VFW (2019) Revisited – Horror Movie Review

The episode of Best Horror Movie You Never Saw covering VFW was Written by Andrew Hatfield, Narrated by Kier Gomes, Edited by Paul Bookstaber, Produced by John Fallon and Tyler Nichols, and Executive Produced by Berge Garabedian.

In today’s movie landscape, its easy to get a sequel or remake greenlit, particularly in horror, but what about an original movie that is a heavy homage to an older title? This can give is something fresh and fun if done well. It has to have the right ingredients like the right actors on screen, the right script, and know exactly what it is and what it’s meant to accomplish. Indie director Joe Begos was the right guy to give us a wholly original genre flick that came out in 2019 to seemingly good reviews but little fanfare 4 years later. How a movie put out by Fangoria, one of the premiere indie horror entities, came and went is frustrating especially since VFW (watch it HERE) falls under the category of Best Horror Movie You Never Saw.

Joe Begos came on the scene in 2011 with his two shorts Bad Moon Rising and Toxin but got a huge amount of attention following his first feature film Almost Human in 2013. Almost Human starred a cast of mostly unknown actors that went heavy on the practical side of special effects. His follow up, The Mind’s Eye, would follow a similar path but get favorable comparisons to heavyweights like Brian DePalma and David Cronenberg and have even more memorable practical effects behind it. Cut to 2019 and Begos would have 2 movies come out. Both with higher budgets, bigger actors, and more production value but only one of them is destined for cult status down the line. Staring a group of expendables like older actors, a great script by Max Brailer and Matthew Mcardle, and more gore than you would expect to fit in a 90-minute movie, VFW could also be called Assault on Retirement Home 13. It wears its inspiration on it’s sleeve for John Carpenter’s hyper violent classic that itself is the directors take on Howard Hawks’ Rio Bravo.

While Begos is still active and put out a modern holiday classic with Christmas Bloody Christmas, its easy to see why VFW will be his lynchpin movie. The script was originally a much bigger affair with a lair inside a high-rise apartment building, a flaming bus crashing through the side of the titular VFW building, and more bad guys storming after our hold up heroes. Fangoria bought the rights to it and it was scaled down considerably to fit their budget and release line. Begos usually writes his own movies but on VFW, the credited work is done by Max Brailer and Matthew McCardle. Neither man have much to their name, although brailer would go on to write episodes for apocalyptic kids show Last Kids on Earth and it’s video game adaptation. While the show is adapted from novels, you can see some of what he took from VFW, especially the home-made weapons, and put into his work on the show. Hopefully the two get to stretch their legs a bit more in future projects.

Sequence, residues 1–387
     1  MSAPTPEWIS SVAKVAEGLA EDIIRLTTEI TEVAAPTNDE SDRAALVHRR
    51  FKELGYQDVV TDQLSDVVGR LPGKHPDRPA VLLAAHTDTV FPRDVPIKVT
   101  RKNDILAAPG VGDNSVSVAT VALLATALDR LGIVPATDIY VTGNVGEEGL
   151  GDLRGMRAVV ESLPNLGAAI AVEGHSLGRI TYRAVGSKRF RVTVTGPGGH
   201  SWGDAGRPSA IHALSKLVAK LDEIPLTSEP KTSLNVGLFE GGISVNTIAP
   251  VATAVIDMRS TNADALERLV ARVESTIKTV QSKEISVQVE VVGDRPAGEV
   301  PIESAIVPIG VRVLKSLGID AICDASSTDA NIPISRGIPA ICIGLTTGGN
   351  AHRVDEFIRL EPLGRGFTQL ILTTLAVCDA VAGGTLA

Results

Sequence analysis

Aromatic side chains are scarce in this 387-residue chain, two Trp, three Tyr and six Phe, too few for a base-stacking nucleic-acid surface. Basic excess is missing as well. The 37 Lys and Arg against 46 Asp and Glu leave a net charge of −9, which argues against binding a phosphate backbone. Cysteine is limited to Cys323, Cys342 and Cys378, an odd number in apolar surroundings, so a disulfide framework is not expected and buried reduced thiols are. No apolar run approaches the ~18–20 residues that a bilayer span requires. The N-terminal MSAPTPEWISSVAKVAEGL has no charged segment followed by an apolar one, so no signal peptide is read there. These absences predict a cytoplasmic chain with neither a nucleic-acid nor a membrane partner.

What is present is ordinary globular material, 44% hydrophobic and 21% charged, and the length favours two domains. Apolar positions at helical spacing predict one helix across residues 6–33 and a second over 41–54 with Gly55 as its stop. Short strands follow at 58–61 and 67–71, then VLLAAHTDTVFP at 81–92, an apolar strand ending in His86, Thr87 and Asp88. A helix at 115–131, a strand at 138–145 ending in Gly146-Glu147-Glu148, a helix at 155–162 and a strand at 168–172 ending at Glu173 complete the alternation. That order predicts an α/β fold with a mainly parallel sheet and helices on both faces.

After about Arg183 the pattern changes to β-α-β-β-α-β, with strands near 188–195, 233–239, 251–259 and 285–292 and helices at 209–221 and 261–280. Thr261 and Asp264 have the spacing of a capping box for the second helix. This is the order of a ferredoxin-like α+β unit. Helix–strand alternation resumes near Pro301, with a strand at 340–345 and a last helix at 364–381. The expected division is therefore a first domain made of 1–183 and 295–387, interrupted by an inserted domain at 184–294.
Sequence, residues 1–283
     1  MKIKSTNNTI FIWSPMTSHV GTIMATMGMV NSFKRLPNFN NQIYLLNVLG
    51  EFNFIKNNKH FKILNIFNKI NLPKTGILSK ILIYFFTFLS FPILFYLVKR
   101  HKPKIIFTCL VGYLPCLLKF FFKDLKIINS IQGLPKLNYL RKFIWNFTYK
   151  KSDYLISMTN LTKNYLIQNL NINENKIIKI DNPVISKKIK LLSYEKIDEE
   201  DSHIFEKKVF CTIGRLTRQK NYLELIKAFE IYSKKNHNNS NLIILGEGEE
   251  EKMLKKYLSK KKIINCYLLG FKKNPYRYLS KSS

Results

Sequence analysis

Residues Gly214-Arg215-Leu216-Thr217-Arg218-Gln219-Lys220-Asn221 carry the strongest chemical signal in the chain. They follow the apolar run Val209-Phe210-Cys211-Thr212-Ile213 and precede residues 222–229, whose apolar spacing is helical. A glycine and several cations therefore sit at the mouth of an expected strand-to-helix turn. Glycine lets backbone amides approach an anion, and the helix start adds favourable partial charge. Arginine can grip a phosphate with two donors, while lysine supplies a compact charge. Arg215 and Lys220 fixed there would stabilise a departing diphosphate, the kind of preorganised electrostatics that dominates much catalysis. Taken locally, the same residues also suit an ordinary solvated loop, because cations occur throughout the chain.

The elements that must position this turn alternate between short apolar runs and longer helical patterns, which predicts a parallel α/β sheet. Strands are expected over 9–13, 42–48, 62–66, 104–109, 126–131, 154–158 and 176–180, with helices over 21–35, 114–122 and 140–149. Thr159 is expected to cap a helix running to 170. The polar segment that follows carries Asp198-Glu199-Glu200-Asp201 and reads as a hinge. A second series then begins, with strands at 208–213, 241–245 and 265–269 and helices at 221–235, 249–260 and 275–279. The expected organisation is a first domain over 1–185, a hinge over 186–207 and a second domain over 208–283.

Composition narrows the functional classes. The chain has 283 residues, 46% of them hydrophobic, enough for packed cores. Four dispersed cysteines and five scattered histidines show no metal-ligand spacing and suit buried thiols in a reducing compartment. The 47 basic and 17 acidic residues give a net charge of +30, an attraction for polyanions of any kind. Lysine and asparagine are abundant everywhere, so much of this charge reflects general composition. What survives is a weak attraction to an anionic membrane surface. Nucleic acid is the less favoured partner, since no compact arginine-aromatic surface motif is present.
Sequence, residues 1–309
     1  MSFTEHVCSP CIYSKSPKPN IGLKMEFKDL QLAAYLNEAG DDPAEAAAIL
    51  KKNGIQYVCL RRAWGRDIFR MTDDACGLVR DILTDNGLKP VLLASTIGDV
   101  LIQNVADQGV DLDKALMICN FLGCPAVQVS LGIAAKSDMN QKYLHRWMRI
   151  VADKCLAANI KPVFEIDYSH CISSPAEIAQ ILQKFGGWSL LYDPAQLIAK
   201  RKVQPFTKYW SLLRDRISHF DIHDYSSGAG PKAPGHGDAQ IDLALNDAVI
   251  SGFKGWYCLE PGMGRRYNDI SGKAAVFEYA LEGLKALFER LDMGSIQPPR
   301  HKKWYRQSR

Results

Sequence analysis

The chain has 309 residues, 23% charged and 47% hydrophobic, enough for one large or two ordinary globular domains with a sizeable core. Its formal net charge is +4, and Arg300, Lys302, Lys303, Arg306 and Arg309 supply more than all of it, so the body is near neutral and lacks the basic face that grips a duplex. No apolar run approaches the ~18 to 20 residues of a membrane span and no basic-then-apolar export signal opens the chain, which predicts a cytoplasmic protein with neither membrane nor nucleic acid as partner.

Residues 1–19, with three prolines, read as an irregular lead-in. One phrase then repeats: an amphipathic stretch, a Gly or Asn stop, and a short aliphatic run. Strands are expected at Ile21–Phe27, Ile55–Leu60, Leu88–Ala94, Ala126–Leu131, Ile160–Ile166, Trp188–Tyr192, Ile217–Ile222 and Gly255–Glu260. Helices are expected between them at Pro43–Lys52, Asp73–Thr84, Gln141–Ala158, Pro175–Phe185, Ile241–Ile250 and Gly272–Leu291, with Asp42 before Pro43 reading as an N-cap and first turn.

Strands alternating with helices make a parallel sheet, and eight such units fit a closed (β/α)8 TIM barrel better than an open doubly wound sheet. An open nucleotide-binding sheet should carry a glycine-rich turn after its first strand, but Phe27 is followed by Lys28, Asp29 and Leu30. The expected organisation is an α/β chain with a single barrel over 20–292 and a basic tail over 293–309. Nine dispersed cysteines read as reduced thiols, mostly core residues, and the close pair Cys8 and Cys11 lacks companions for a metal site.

The movie opens with another homage to a different Carpenter movie by giving us an opening exposition about how an opioid crisis has crippled America. Hylophedrine, or Hype, basically turns people into addicted rage zombies who will do anything to score a hit. This has turned cities and towns all across the nation into war zones of gangs fighting each other with no help from police who have essentially given up. Demand exceeds supply and heated conflict is about to break out in an unnamed city. We get a glimpse of the desperation when gang leader Boz has one of his Hypers named Lucy jump off a balcony to chase after some drugs. Her younger sister Elizabeth, who goes by Lizard, witnesses this and is about to cause a heap of trouble for Boz, the gang, and the gang of veterans who are just there to do the right thing.